We could have devoted the entire lunch to discussing “gaslighter-in-chief” Donald Trump. “All politicians lie but at least they are not as egregious [as Trump].” Abby told me she took a lot of heat on social media from readers who accused her of making the book “too political” in her analysis of Trump. Her response: “How could I write a book about lying and not include Trump?” Beats me.
Over the course of our lunch, we covered a lot of ground including the fact that we all lie all the time every single day but “we have to trust every day.” We lie to our kids. “I was bummed when I found out Santa Claus didn’t exist and I’m a Jew!” Abby joked that our mutual friend Judy Twersky, who had arranged for Today’s get-together, is always telling “white lies” about “how fabulous I look. I choose to believe her.” We all agreed we are living our own version of a double life: the carefully curated Instagram and Facebook page reveal nothing about the realities of everyday life. “Who puts up a bad picture of themselves?”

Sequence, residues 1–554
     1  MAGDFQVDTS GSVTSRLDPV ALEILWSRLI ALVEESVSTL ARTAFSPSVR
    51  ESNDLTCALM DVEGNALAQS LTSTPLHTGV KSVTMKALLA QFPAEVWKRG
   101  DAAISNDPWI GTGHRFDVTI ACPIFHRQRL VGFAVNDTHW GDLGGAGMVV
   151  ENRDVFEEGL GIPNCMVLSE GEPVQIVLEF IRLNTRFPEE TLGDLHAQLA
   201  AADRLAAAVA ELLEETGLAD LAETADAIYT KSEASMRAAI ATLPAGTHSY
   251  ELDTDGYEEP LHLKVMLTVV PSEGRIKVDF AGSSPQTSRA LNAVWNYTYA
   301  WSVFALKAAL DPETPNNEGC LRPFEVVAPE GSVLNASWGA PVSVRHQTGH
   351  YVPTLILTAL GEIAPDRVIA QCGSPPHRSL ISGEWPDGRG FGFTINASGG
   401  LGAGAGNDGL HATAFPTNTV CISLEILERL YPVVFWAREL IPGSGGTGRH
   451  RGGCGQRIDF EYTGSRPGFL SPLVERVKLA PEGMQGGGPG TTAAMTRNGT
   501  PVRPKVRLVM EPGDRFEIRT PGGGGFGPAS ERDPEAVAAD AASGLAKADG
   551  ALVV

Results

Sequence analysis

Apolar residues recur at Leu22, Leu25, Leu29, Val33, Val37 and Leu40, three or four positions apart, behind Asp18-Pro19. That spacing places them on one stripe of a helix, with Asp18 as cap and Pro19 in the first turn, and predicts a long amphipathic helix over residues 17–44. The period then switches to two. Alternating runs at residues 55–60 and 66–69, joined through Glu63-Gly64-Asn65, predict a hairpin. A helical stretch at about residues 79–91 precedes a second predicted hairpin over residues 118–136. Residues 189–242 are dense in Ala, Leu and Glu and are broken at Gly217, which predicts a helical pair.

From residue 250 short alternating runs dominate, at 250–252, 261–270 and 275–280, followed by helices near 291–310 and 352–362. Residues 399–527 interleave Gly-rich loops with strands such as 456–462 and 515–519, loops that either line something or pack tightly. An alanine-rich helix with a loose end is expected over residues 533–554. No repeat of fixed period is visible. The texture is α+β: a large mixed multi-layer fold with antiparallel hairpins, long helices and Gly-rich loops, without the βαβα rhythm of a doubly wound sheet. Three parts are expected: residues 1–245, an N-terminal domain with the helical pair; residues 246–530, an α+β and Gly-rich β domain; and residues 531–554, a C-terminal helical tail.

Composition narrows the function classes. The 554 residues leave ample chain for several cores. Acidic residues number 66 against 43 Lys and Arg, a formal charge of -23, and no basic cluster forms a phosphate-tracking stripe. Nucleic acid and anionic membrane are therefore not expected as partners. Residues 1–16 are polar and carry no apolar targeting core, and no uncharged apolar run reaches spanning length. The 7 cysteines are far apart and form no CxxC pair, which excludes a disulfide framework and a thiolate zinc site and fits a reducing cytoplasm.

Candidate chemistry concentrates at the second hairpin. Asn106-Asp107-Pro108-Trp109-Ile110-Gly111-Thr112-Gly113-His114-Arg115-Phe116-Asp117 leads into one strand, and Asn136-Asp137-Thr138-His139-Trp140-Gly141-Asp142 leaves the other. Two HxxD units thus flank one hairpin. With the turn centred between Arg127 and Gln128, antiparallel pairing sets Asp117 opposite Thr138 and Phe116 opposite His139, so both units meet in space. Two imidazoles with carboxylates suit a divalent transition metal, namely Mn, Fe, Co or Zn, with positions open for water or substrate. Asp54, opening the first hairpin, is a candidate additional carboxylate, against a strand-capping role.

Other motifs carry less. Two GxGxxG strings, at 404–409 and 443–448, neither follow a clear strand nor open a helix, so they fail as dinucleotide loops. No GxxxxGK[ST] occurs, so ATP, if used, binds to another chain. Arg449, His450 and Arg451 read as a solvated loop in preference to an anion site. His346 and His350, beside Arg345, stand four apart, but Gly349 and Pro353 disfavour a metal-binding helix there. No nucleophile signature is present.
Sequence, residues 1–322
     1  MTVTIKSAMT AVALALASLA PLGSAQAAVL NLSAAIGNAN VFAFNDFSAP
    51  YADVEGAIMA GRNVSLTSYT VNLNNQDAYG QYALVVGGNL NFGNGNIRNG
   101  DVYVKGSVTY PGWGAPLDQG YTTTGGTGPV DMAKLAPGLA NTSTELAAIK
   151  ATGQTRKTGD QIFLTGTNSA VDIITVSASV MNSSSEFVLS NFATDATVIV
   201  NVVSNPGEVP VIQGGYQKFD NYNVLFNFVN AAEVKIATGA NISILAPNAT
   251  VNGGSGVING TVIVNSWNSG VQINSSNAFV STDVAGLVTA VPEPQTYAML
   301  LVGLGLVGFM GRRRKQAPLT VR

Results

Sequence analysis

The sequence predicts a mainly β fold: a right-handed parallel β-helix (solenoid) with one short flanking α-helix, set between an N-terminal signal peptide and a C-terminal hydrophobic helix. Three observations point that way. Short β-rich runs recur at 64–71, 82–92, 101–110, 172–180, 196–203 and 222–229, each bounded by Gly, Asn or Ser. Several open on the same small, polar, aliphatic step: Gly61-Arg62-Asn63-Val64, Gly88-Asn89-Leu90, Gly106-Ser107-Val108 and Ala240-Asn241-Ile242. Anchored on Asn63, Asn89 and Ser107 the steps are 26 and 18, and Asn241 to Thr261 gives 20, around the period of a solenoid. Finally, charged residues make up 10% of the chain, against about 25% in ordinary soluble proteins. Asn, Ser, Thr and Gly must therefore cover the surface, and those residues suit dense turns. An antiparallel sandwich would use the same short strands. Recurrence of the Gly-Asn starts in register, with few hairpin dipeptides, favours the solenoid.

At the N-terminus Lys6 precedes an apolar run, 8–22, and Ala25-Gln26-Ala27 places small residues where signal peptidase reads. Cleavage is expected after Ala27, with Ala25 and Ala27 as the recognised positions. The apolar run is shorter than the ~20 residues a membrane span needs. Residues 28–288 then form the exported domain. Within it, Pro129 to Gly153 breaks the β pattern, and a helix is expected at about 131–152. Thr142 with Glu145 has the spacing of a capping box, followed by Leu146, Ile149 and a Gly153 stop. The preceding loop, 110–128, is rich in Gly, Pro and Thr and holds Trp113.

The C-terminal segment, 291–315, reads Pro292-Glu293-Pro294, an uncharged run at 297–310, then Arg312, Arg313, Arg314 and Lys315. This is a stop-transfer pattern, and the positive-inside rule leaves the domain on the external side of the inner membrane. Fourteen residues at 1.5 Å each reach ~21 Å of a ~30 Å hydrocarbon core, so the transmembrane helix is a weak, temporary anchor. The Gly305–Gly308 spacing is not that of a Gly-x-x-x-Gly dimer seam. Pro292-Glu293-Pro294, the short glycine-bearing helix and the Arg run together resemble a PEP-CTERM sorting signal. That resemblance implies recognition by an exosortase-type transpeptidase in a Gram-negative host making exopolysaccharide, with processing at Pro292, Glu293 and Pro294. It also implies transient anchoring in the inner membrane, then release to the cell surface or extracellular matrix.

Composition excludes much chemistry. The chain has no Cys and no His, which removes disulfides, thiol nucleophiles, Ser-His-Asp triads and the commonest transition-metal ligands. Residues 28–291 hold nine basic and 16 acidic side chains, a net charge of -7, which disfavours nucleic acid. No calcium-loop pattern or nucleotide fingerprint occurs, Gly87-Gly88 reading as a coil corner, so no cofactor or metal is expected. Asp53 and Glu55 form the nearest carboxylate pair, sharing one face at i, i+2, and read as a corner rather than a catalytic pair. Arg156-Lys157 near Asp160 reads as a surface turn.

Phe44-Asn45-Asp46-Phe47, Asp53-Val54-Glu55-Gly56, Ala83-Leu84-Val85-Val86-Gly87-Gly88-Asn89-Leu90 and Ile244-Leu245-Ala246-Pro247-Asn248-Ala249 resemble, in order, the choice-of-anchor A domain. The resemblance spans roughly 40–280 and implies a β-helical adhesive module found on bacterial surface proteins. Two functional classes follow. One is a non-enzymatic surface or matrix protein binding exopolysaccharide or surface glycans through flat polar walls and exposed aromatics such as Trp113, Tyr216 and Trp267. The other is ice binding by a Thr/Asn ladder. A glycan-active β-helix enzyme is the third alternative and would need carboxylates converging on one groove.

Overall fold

I asked Abby what she thought of heroes’ welcome Tiger Woods has received. in the media since winning the Masters (as well as being honored at the White House with the Presidential Medal of Freedom by the serial liar-in-chief). Why is it, I asked, that male celebrities who lie are usually forgiven by the public (except maybe Bernie Madoff) while famous women are finished?
Does anyone think Lori Loughlin’s career will ever recover from her role in the college cheating scandal? “Women aren’t supposed to do that,” she said. “Elizabeth Holmes [was vilified] for using her wiles to get Henry Kissinger to invest in her company.”
So what was Abby most surprised by writing and researching Duped? “I don’t think I realized how likable liars are. They’re the popular kids, their fun to be around, they have the best stories.”
“Do I think people are basically good? No, I think people are basically people,” she said as we sipped our cappuccinos and she ate her vanilla ice cream.